Much as he enjoyed his naval career, Barrie says there was a striking lack of professionalism in the RAN when he first joined up, recalling “extraordinary hijinks” on board the first ship he sailed in.

Sixteen young midshipmen graduated in the year ahead of his in 1963. Twelve months later, eight of those young men were dead in naval accidents (one of which was the notorious collision between HMAS Melbourne and HMAS Voyager in 1964).

“Our navy changed dramatically after [that] when its association with the US Navy began from the mid-60’s onwards,” he recalls.

His straight-talking style wasn’t always appreciated by higher-ups. “I’ve [still] got two letters that I received when I was in New Delhi [on a defence posting], telling me to go and find another job.”

Barrie ignored them and stayed on, gaining himself two university degrees on the side including an MBA from Deakin University. These days he is an honorary professor at the Australian National University’s Institute for Climate, Energy and Disaster Solutions (and Australian chair of the Global Military Advisory Council on Climate Change).

John Howard had command of his job, Barrie says.Credit: Jacky Ghossein

Despite John Howard’s climate change scepticism, Barrie says he found him easy to deal with during the years he was defence chief. “He never swore at anyone, he never threw things at anyone, he was in control of the job. I hear a lot of stories about people who get that job and lose the plot.

Military men who’ve seen action tend to be more cautious than politicians and desk warriors about sending young soldiers, sailors and air crew to war and Barrie, who saw active service during the Vietnam War, is no exception.

He’s critical of the way Australian leaders seem to almost automatically follow the US into any conflict our powerful ally embarks on.

He believes Iraq was a mistake because the UN had not sanctioned the action, and not enough troops were provided to stabilise the country afterwards. When Australian troops went to East Timor, he says, they were there at the “invitation” of the Indonesia government, “so we were not invading that country”.

“[But] when we went into Iraq in 2003 we had invaded somebody else’s country. If I know anything from broad history it’s that when the invader arrives, the people who live there busy themselves working out how to get rid of the invader.”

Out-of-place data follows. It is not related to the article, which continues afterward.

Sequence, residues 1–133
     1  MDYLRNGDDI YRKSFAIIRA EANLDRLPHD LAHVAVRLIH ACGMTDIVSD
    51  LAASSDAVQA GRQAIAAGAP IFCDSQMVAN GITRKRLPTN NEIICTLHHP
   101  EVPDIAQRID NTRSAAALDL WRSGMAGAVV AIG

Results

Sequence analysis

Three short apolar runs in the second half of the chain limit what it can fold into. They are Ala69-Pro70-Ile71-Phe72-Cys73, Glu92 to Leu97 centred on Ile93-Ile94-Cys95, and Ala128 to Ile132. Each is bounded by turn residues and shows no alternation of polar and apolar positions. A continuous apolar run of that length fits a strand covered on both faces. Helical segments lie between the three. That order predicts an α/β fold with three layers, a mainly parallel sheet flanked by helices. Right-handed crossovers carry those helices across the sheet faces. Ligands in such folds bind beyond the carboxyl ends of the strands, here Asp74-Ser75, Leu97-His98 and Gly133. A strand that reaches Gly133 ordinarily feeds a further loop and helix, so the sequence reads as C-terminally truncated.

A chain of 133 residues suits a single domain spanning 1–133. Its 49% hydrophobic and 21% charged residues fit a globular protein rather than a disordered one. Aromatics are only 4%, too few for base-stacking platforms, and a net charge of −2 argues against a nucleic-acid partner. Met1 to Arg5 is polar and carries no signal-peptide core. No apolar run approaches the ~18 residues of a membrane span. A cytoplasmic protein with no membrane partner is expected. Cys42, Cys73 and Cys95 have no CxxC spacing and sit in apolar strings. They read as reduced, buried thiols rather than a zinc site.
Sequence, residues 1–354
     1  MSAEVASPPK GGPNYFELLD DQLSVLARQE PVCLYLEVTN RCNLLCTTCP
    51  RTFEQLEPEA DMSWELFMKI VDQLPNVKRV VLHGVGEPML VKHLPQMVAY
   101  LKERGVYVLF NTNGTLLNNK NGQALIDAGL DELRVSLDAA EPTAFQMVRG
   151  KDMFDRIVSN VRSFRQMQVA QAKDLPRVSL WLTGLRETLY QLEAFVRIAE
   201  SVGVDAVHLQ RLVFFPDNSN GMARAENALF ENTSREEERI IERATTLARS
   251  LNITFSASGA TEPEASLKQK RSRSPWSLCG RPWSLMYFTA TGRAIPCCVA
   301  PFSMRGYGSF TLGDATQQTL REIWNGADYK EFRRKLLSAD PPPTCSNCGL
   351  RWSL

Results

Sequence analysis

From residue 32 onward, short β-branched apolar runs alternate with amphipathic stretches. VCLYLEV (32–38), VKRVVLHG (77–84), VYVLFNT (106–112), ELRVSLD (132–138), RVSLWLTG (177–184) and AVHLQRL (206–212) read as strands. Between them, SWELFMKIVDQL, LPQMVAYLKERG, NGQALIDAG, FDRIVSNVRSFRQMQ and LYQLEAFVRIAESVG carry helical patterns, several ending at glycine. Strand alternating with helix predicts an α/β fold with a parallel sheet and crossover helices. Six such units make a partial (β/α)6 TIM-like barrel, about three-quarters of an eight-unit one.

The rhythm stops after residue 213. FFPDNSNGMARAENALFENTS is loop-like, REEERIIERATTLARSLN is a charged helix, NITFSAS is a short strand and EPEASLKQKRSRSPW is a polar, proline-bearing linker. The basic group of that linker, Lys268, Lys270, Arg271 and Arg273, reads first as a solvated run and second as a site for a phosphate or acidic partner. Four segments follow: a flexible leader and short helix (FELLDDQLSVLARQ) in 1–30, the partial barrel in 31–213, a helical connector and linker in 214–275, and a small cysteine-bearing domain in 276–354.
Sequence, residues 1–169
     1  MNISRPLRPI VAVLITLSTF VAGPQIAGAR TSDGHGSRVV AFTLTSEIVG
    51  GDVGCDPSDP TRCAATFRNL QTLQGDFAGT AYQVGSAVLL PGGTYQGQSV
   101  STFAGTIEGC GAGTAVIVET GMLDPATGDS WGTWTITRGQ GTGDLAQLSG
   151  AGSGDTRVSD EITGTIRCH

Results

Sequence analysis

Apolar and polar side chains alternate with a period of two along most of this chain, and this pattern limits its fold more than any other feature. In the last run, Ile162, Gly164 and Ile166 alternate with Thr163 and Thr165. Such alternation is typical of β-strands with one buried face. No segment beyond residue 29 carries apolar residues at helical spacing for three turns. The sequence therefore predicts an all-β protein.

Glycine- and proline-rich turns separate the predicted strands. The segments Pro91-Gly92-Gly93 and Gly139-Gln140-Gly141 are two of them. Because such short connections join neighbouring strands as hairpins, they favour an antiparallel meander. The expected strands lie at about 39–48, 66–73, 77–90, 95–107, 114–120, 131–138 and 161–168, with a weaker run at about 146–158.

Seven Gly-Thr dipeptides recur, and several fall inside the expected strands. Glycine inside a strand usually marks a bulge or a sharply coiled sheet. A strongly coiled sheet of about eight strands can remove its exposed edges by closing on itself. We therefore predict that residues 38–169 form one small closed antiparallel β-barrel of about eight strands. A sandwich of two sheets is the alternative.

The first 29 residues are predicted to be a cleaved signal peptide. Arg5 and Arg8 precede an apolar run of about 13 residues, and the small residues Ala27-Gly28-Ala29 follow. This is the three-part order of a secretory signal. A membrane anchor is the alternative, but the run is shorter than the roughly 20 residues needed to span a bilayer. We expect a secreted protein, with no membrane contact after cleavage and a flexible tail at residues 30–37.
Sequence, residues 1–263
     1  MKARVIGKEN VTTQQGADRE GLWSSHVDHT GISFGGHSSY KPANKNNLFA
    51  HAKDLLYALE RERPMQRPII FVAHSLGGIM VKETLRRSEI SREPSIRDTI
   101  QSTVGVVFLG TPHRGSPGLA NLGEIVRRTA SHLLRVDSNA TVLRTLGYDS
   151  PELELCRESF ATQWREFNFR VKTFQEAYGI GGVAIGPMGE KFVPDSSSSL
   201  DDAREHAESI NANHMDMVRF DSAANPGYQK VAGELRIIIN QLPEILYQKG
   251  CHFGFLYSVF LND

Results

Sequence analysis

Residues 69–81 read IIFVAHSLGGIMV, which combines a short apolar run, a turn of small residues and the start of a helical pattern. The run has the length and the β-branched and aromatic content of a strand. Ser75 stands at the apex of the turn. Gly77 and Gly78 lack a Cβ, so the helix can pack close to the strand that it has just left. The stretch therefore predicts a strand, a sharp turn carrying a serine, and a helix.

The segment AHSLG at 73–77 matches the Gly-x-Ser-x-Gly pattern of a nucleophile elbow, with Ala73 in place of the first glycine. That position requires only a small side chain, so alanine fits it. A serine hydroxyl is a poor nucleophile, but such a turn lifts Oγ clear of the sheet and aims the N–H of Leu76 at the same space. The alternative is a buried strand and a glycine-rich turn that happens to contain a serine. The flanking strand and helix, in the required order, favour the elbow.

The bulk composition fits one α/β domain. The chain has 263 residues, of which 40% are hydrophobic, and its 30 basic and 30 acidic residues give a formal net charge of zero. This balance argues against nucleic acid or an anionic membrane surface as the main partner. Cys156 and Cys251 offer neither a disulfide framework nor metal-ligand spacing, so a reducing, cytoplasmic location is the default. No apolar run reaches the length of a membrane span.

Nor does he think we should be in Ukraine, Europe’s latest land war. “It’s not our war [and] we are a small power.”

He is more circumspect on whether Australia should join the US in any future military clash over the future of Taiwan.

“ I think that depends,” he says. (He knows Taiwan well, having gone there several times in the 2000s.)

Barrie in the Balibo area of East Timor in 1999.Credit: AP

The Americans would expect us to get involved, I suggest. “Yeah, I’m sure they do. But would we make much difference? No. It’s totally symbolic,” he replies.

I ask for his reaction to the landmark Brereton inquiry, which found “credible information” pointing to war crimes being committed by Australian special forces in Afghanistan on 23 occasions, with 25 soldiers implicated.

“I’d like to know what advice was given to the government about the successive combat rotations [of SAS troops], about these guys going back in 12 times” he says. “Personally, I think that was unconscionable”.

The bill

As for the AUKUS deal engineered by the Morrison government and signed up to by Labor – under which Australia is meant to get eight of its own nuclear submarines – Barrie is sceptical on that front too. He is not opposed to nuclear submarines per se. He says he and onetime head of the defence department, Paul Barrett, spent several years “chasing the nuclear submarine option for Australia”. But their thinking back then was premised on a domestic nuclear industry, which is not the case with the AUKUS deal.

That means “we are taking some risks”, he says. “Where will the continuity of nuclear engineering be if we don’t have nuclear power stations? We’re going to have to rely absolutely on the Americans – or the British.” He adds that if Trump were to win next year’s presidential election and renege on the submarine deal, “that will be the end of it”.

Barrie believes the fast-intensifying interoperability of Australia’s forces with the US military is “practical [because] we will always be a small defence outfit, we are never going to be a world shaker”.

But the challenges lie in “what I call the great seduction of America”, he says. “You need to be in the room and eyeball people, and you need to have a brutal talk about what you are prepared to do and what you are not prepared to do.”

Coming back to climate, he fears that on current trends, limiting planetary warming to 1.5 degrees has disappeared – “now it may be two, but it’s much more likely to be three”. When I phone him this week for an update as COP28 (the global climate conference) grinds to an end, he’s disappointed. There has been progress, but it’s weak, he believes. “Like the 2015 Paris commitments to take action to hold to 1.5 degrees, it will likely suffer a similar fate”. Has he lost hope then? “Maybe we need to find another way”, the grandfather of three replies. “I think you have got to keep trying. You simply owe it to the future generations.”